With April being Stress Awareness Month, we are encouraging more people to reduce their stress levels by getting active. Exercise can help to reduce stress and improve your overall mental wellbeing.
Boost your Endorphins
Many people report feeling a boost of energy and being in a better mood after working out. Exercise boosts the production of the feel-good chemicals that your brain gives out; known as endorphins.
The good news you don’t need to be doing strenuous or high-intensity workouts to get an endorphin high. Simply getting the heart pumping with a light jog or a brisk walk will get your them flowing and boost your mood.
Take your mind off stress-related tasks
Along with boosting your endorphins, working out gives you the chance to take your mind off other commitments that could be contributing to you feeling stressed.
For some people, going on a run isn’t enough to switch off and focus on something positive. This is why new ‘hybrid fitness sessions’ may be a good choice for those who want to keep their mind occupied.
‘Hybrid fitness sessions’ combine two or more areas of fitness. Giving people the chance to increase the intensity of their workout or just get involved with two areas of fitness that they really enjoy.
Overall, finding a class that you enjoy gives you the chance to switch off. And focus on something completely unrelated to what is causing you stress. Knowing that you can switch off and let yourself reset can act as reassurance. A tool you know you have ready for the more stressful times.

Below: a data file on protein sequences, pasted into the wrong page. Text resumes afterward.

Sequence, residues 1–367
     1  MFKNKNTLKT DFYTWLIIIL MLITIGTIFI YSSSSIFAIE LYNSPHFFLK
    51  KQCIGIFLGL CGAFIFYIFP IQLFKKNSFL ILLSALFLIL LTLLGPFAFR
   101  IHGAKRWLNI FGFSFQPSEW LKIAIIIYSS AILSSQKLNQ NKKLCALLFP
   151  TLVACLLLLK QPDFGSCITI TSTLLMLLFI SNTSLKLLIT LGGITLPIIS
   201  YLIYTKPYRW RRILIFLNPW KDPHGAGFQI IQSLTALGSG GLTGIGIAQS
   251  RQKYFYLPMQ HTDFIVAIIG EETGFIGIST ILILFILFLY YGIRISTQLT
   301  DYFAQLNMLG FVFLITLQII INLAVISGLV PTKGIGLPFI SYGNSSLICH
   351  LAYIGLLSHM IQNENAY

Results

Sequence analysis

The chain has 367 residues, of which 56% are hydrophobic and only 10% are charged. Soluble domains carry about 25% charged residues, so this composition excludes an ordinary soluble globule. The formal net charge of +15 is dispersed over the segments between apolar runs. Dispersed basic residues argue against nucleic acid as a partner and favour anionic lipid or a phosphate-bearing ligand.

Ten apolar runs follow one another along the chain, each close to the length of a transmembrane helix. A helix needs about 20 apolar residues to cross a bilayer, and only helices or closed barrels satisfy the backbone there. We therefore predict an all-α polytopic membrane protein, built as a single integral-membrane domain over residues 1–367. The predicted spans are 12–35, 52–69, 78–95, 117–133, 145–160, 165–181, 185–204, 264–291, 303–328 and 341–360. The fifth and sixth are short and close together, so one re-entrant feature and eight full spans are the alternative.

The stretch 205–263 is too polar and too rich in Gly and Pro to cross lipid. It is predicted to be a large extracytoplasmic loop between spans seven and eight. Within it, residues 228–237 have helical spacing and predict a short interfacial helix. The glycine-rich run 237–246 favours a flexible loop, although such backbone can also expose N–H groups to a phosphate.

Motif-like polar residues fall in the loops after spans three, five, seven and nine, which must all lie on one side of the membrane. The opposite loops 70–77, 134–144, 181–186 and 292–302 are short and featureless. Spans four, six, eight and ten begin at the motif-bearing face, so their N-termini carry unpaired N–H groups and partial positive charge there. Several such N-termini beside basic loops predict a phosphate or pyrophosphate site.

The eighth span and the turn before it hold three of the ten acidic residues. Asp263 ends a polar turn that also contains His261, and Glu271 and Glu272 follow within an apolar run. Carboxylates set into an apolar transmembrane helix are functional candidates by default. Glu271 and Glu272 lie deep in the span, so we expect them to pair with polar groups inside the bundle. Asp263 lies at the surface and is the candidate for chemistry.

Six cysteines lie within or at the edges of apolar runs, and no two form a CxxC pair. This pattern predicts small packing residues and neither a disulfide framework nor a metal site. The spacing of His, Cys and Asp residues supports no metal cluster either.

According to a National Sleep Foundation survey, 43% of people aged 13-65 reported struggling to sleep due to stress. When you are stressed, there is a rise in the number of alertness and vigilance hormones in your system. That’s why many people who get stressed also struggle to get a good amount of quality sleep.
When it comes to sleep, it is not just how many hours that you get that is important. The quality of sleep you are getting is just as essential to your wellbeing.
Exercising at any point during the day allows you to burn any unspent energy and tension that you have built up. Which makes it a lot easier to fall asleep and get better quality sleep.
Some people say that working out later in the day makes them feel more alert. Research has shown that exercising at this time of day helps you to sleep. It produces endorphins that make you feel calm and relaxed. Helping you to wind-down at the end of the day.
Creating a healthy mindset
Fitness has huge mental health benefits, and one of the biggest benefits is boosting your mood. Health and fitness experts state that when it comes to exercising to reduce stress, your best bet is to look into cardio based exercise.
Cardiovascular exercise has been proven to be most beneficial for reducing stress. Those with better cardiovascular health and endurance have lower-resting heart rates. This means that those with lower resting heart rates are more capable of handling stressful situations and staying calm when they arise.
Although cardio is proven to be most beneficial, it is more important to keep fit in a way that suits you than to force yourself to do cardio. So, if you prefer lifting weights or core training more than cardio workouts, hit the weights and give running a miss.
Spreading the news
For some people looking to reduce stress, getting fit doesn’t come to mind. With the huge potential that exercise holds for reducing stress, we need to get the message out there.
For Personal Trainers, the benefits of exercise on reducing stress could help as a marketing tool. “Get fit, feel better.” Mental health issues can affect anyone, so the impact that Personal Trainers can have on their clients’ lives is huge.
If you’re looking to expand your Personal Training skills and learn more about the mental health benefits of exercise, take a look at our Exercise Referral Diplomas .
To find out more about where Exercise Referral could take you, get in touch with our team.